What 6 Curvy Fashion Insiders Really Think About the Term ‘Plus Size’

What 6 Curvy Fashion Insiders Really Think About the Term ‘Plus Size’
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In a country where the average woman wears a size 14, it’s hard to understand why anyone over a size 12 is considered “plus size” and forced to shop in a special section. Recently, there’s been a lot of talk about the need to drop the plus and find new ways to empower women of all sizes.

Influencers on social media are pressuring brands and the media to end size segregation. One person speaking out is Australian lingerie model (she’s the face of Dita Von Teese lingerie) and Instagram influencer Stefania Ferrario, who kicked off a #DropThePlus campaign earlier this year. Acting on the belief that the term was “damaging in the minds of young girl,” Ferrario is calling for the fashion industry to lose the label.

MORE: 31 of Our Favorite Curvy Brands to Shop Now

Sports Illustrated model Robyn Lawley wears a size 12, and she earned some serious airtime in the fashion media for becoming the first plus-size model to feature in the magazine. However, even she shied away from the label in an interview with Time: “I don’t know if I consider myself as a plus-size model or not. I just consider myself a model because I’m trying to help women in general accept their bodies.”

It’s an interesting and divisive discussion, so we decided to chat with six curvy fashion influencers, including Torrid models Georgina Burke and Philomena Kwao and überblogger Gabi Gregg, to find out how they feel about the “plus size” label.


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Gabi Gregg, GabiFresh Blogger
"Plus size is simply a term that helps us describe our body type, find clothing that fits us, and form a community of women who may look like us or have a similar set of experiences in society. I don't get why some are so against it; it's a value-neutral term that is helpful and important to many people. Labels help form identities: I'm black, plus size, and a woman. I don't want any of those terms taken away 'because we are all the same,' because the truth is we're not. Until the day comes when we are all treated equally and live with the same experiences, labels help us navigate our identities and communities, and this label happens to make finding clothing that actually comes in my size a lot easier."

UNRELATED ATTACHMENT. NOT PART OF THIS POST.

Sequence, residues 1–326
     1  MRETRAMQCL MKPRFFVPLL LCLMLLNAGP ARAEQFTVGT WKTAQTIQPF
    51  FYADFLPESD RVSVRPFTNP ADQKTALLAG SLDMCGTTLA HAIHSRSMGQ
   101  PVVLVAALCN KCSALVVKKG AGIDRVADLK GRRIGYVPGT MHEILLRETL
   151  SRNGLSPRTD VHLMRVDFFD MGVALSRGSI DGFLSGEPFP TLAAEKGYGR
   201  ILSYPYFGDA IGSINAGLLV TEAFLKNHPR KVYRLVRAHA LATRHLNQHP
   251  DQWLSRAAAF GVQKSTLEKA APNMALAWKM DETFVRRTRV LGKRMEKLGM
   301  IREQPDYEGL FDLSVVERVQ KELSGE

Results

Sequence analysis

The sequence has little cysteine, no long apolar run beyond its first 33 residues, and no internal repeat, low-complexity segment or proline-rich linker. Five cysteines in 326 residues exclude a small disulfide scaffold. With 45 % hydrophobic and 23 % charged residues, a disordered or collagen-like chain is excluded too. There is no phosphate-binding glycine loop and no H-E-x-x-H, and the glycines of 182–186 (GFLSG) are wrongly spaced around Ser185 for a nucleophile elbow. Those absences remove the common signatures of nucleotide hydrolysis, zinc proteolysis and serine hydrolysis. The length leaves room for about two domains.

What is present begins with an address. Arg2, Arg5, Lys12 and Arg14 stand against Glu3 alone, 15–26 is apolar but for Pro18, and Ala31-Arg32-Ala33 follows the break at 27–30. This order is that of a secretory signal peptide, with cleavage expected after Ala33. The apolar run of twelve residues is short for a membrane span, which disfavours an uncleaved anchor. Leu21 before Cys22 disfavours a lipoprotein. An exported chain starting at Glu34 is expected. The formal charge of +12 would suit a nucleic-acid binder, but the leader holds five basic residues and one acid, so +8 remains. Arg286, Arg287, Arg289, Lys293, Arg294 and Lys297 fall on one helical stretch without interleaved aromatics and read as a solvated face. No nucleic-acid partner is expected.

Photo: GabiFresh

Ashley Graham, Model
"The term plus size is a label, and I am not a fan of any labels. I understand that the term is used an identifier in the modeling industry—just the same way a client would request a redhead or someone with brown eyes. But, personally, I don't feel there is a need to label anyone by their size and say 'You have to shop in this separate section because of the number on the tag of your jeans.' The term plus size has been associated with my name since I was 12 years old, which I talk about in my TEDx Talk. When I was younger, I would tell people I was a model, and when they gave me a perplexed look, I'd quickly say, 'Well, I'm a plus-size model.' The fashion industry gave me the label 'plus size,' but I like to think of it as my size. Curvy women are becoming more and more vocal about the isolating nature of the term, and we are calling ourselves what we want to be called—women, with shapes that are our own."